The Texas Chainsaw Massacre: Disgustingly Fun

The Texas Chain Saw Massacre was an attack of the senses. Though it was a low-budget film, with an unspectacular plot and flat characters, TCM was a great experience.

What I love most about the movie was how evocative it was without really showing that much. There wasn’t a whole lot of blood, but it was the suggestion of killing that made it scary for viewers. The fluttering of the guy’s body when he is knocked in the head. Pam hanging on the meat hook. Leatherface chasing Sally through the woods and wielding his chainsaw madly. The viewer is immersed in a disturbing killing spree, where the sensation of fear and anxiety is created more by the imagination than anything else.

For me, the most frightening scenes were when Sally was being chased. I could feel my adrenaline pumping as her predator neared her and my heart probably skipped a beat every time Leatherface’s chainsaw narrowly missed her. It was as if the withholding of death was even worse than death itself. When the other characters were killed, it was quick and relatively painless for me, but watching Sally being tortured, chased and bludgeoned in the head was agonizing. I wanted her to escape, but a small part of me was hoping they would listen to the cook and get it over with.

Another important part in creating the atmosphere for the movie was the use of physically disgusting elements. The gallery below contains some disgusting scenes that I could find on the internet. Some of what’s missing is the grandfather, especially the scene where he sucks on Sally’s finger and the room where Sally finds herself surrounded by bones and feathers and ghastly remains. What was scary was not only the senseless murders, but imagining coming in contact with some of those disgusting things.

I also wanted to add part of a documentary on the making of The Texas Chainsaw Massacre. In this particular video, they discuss some of the disgusting elements of the movie.

Good and Evil in Chinatown

One of the things that struck me most about Chinatown is the fact that in the end of the film,  Faye Dunaway’s character, Evelyn Mulwray dies and the evil Noah Cross lives on without being punished. This is in direct contrast to the noir movies we’ve been discussing in class, in which the bad guys typically get their comeuppance by the end of the film. Most likely, this was because of the Code, which, as we read in The Rethoric of Emotion, “held that evil should not be shown as attractive or beneficial, either morally or practically.” As a result, most movies never let the bad guy live. The Lady From Shanghai. Double Indemnity. Laura. Kiss Me Deadly. The person who does wrong eventually gets what’s coming to them.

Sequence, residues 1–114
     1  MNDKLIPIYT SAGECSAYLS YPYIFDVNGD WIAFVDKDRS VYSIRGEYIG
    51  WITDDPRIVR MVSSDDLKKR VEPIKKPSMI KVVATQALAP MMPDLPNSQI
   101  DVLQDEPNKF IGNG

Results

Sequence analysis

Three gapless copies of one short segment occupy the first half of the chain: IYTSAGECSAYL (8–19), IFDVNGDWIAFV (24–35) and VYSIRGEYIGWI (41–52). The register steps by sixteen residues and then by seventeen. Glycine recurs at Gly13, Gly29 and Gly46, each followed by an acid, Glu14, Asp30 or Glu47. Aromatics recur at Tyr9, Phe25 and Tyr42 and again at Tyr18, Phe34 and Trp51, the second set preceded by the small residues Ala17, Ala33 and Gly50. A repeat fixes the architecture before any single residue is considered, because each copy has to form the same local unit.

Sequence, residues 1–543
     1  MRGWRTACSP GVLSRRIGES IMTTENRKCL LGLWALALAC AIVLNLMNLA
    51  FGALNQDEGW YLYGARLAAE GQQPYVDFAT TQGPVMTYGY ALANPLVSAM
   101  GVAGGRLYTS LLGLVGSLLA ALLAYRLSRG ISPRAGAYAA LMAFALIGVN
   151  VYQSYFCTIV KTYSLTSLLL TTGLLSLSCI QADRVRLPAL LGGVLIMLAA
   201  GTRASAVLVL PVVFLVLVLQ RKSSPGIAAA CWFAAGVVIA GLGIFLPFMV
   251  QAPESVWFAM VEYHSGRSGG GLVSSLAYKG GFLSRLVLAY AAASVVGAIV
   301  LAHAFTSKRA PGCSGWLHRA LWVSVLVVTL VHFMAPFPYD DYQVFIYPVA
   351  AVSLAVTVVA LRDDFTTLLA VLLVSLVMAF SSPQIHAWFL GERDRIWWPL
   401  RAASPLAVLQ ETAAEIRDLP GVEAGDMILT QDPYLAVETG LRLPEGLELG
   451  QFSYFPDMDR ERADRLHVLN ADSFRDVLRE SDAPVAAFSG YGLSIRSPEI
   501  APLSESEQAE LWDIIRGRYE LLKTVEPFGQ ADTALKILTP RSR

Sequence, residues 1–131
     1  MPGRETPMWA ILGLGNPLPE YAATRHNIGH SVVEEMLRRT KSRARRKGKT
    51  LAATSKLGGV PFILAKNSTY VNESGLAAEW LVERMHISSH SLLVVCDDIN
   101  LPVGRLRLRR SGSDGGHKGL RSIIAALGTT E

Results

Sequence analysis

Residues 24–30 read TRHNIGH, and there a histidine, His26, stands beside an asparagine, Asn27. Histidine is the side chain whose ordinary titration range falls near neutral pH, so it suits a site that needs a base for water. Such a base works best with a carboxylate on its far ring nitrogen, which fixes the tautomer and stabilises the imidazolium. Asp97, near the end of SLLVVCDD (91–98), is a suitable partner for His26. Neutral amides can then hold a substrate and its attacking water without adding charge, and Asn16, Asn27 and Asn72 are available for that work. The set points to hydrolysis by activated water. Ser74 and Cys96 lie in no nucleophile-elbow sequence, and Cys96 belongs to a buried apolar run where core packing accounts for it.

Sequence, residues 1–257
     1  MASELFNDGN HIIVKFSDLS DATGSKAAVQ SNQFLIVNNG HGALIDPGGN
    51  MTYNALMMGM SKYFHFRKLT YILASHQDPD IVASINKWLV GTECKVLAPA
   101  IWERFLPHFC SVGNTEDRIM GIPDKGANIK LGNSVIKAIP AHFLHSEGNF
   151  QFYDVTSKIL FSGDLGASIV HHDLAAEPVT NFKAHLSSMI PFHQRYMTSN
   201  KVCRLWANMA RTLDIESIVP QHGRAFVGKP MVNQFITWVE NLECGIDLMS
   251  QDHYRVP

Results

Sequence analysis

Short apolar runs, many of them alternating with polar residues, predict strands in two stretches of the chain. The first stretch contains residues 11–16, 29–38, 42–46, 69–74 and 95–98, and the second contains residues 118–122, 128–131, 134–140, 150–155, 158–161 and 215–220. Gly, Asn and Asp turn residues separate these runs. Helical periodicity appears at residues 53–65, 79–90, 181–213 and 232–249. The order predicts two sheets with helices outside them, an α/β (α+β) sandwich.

But Chinatown does the complete opposite of this.

Interestingly enough, the director, Roman Polanski, addresses this in a commentary that comes with the DVD. He says that he and the writer, Robert Towne, disagreed over how the movie should end. Towne wanted Mulwray to live and Cross to die, but Polanski insisted on having the other way round. They eventually parted as a result of the dispute, and Polanski said that he wrote the ending we see today just days before it was shot.

“I was absoulutely adamant that she has to die at the end if the film is to have any kind of meaning,” he said in the commentary. At 7:28 in the video below, Polanksi talks about why he thought ending the film that way was the right thing to do. He actually says that if he didn’t, we wouldn’t be talking about this film today.

Polanski and Towne say that they doubt the film could’ve been made today. According to Polanksi, he wouldn’t have been allowed to end it that way. I think this speaks to the fact that movies play a big role in society. Audiences like to see good triumph over evil; it feels as if everything is resolved and the experience is complete… and most movies cater to this need. Even now without the Code, movie makers still feel the need to resolve their films in this way.

This shows that Chinatown was revolutionary. Instead of just showing you a film and doing all the work for you, it had the guts to defy expectations and make the audience do some thinking. And it worked! Chinatown is still one of the most talked about films today.